Another way to save money I have learned is to buy certain things on the Korean market, such as eggs and produce; this stuff is much fresher and cheaper than in the commissary. Try to use the train more than your car, kids under 7 ride free, and you will save money on gas!


This falls under the category of do not accrue any more debt, but do not be tempted to get a brand new car through the service on post. It may be tax-free, but adding $20,000 or more to your debt will be going backwards. I only mention this because we were tempted to do this when the car we brought over (that was paid for) needed a new transmission that would have cost more than the car was worth, so needless to say we junked it and are now without a car. Being desperate, we seriously considered getting an auto loan, but we remembered our goal and resisted. So for now we use the train system and taxis, and bought a hooptie for about $1,000.

The process of getting out of debt is by no means easy, but nothing worthwhile ever is. I will say with each debt paid, we feel a little lighter. When we are done we will have paid off $125,000 (knock on wood). And thanks to Korea it will be a year early! The next time we live overseas, maybe Germany, we will not have the burden of debt to hold us back from truly exploring the region. Yes, it may be a sacrifice now, but it is one worth making in order to change our lives and our kids’ lives for the better.

So whether you are really gung-ho or just want to stop the bleeding, take this chance at the beginning of 2016 to start out right financially in Korea. Make a budget. Put fun into your budget! If it is in your budget then don’t feel guilty about spending that money (with in reason of course). Korea is a lot of fun and cheaper than Europe so enjoy but know this could be a great opportunity to jump start your financial stability.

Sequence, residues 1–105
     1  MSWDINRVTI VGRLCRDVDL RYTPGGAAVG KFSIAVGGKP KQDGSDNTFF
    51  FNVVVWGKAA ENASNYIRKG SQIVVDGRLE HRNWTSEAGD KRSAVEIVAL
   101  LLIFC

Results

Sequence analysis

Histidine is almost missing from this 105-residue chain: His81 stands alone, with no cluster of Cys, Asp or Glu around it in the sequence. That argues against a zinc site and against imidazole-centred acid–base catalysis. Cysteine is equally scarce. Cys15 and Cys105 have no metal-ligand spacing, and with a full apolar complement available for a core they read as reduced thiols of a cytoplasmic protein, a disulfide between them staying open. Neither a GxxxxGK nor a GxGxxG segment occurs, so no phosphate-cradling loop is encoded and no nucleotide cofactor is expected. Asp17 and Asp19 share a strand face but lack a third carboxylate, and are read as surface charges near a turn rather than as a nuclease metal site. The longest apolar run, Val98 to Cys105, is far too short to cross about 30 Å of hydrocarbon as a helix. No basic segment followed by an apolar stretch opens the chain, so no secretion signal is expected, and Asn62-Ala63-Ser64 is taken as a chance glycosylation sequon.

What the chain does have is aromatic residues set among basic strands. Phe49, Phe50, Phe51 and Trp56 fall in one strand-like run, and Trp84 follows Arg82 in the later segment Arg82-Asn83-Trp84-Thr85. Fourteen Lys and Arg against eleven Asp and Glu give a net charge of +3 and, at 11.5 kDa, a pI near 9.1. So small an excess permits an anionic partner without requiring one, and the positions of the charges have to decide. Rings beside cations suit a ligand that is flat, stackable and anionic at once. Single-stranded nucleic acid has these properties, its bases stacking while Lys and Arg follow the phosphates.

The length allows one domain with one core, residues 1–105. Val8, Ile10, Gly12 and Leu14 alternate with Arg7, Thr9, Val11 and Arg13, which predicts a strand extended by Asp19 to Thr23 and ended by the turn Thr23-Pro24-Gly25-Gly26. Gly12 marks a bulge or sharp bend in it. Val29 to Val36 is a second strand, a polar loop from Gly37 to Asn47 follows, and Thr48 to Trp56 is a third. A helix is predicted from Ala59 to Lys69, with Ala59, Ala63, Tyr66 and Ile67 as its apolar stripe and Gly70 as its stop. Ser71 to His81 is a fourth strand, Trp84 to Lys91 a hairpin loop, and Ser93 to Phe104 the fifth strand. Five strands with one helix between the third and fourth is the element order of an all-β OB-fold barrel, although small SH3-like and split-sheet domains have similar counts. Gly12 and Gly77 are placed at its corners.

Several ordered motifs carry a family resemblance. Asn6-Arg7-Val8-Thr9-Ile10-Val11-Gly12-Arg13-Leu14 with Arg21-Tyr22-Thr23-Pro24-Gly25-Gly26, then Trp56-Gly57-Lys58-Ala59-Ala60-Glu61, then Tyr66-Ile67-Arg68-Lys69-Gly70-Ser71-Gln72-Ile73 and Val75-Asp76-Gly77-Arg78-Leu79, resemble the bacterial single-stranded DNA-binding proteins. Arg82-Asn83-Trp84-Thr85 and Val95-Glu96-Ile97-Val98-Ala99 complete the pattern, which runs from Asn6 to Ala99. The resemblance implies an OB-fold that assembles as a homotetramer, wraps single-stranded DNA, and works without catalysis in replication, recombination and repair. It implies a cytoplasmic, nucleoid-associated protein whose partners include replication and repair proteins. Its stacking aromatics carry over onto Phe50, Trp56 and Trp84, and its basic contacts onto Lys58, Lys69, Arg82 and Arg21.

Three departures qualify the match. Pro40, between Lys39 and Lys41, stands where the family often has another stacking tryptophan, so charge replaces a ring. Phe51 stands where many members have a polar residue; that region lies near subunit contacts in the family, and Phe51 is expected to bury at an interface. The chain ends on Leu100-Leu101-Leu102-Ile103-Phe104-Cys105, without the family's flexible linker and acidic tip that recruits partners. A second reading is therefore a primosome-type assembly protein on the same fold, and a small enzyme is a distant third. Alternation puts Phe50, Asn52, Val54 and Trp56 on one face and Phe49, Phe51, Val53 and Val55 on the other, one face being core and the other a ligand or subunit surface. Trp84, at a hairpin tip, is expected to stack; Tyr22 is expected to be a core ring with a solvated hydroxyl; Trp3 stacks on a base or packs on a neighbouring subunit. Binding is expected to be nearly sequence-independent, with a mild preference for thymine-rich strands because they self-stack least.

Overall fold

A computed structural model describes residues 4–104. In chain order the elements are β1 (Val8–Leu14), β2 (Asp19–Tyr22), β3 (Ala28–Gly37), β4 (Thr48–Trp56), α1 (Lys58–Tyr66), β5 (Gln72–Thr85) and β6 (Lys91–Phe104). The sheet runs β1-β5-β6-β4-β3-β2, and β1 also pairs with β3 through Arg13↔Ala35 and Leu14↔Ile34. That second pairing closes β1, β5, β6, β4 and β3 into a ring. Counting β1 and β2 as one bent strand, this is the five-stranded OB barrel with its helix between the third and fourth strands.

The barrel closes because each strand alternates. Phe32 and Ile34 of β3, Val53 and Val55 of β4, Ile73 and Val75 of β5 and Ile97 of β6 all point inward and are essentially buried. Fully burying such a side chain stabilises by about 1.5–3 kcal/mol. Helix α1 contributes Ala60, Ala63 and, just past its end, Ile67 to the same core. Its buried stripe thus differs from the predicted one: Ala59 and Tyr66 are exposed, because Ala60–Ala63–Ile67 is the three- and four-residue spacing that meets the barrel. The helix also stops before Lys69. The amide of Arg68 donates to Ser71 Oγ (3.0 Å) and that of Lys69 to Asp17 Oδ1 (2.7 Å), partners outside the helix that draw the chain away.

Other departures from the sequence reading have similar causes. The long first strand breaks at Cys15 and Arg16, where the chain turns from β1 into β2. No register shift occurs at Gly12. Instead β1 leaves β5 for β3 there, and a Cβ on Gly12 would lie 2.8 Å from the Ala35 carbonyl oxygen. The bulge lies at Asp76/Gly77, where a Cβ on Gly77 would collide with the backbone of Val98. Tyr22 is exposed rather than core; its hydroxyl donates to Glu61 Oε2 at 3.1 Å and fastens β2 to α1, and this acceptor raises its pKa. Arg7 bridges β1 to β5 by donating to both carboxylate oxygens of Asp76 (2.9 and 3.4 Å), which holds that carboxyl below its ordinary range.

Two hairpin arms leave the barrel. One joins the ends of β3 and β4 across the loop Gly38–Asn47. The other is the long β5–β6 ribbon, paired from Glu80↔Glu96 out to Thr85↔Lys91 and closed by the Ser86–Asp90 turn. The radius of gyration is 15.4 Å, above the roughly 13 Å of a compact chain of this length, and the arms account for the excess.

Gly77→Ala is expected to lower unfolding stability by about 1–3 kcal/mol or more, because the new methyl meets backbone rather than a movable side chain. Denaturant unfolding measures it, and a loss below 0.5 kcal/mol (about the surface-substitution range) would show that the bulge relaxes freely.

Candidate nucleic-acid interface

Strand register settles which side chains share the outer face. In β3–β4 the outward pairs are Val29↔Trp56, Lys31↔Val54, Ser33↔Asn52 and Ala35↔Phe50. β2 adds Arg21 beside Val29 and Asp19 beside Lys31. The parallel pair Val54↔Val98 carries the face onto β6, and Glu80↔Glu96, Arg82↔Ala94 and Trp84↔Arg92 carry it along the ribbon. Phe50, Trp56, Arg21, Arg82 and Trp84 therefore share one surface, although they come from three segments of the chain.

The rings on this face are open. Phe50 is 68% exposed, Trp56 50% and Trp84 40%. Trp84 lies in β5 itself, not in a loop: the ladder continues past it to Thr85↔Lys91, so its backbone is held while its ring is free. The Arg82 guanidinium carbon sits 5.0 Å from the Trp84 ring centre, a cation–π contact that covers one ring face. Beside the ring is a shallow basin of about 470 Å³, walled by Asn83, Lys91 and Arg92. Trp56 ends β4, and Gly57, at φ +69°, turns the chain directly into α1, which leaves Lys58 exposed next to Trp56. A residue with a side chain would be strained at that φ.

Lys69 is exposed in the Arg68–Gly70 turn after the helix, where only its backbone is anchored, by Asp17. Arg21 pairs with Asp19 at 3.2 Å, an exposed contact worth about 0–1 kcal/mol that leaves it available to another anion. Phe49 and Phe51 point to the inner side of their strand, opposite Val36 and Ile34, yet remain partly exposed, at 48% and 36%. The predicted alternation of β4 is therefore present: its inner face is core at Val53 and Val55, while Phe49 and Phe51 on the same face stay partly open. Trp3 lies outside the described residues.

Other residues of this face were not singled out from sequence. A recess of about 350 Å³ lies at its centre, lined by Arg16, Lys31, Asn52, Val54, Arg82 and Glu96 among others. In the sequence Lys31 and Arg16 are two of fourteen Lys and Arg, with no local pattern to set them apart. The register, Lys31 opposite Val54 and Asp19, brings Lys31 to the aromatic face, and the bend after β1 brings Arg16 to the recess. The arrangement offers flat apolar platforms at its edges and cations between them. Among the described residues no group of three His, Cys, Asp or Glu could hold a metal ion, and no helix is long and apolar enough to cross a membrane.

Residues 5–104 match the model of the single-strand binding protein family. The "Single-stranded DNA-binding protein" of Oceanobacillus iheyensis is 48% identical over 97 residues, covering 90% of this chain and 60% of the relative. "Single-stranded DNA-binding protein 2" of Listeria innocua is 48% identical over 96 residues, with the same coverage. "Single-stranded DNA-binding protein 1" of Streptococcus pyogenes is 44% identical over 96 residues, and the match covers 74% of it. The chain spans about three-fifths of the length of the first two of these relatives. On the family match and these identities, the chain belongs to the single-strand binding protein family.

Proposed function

Editor’s Note: When your Overseas Yes managers PCSd from Okinawa back to the US, we learned quickly how expensive it is to live in the US. We wrote an article about finances when PCSing back to the US that’s still applicable today.

Korea Ye also has information about the Servicemember’s Civil Relief Act, which may  help you get the debt-free ball moving in the right direction if you qualify. Check it out!

Editor’s Note: The teachings of FPU are based on a common sense approach to personal finances with Biblical perspectives as his basis for why. Though many of the references throughout the self-directed course are Christian in nature, this program is applicable to anyone. Your Overseas Yes managers have both gone through FPU separately, and we apply its debt free principles to running this network, though we are not associated with Dave Ramsey or the Lampo Group in any way.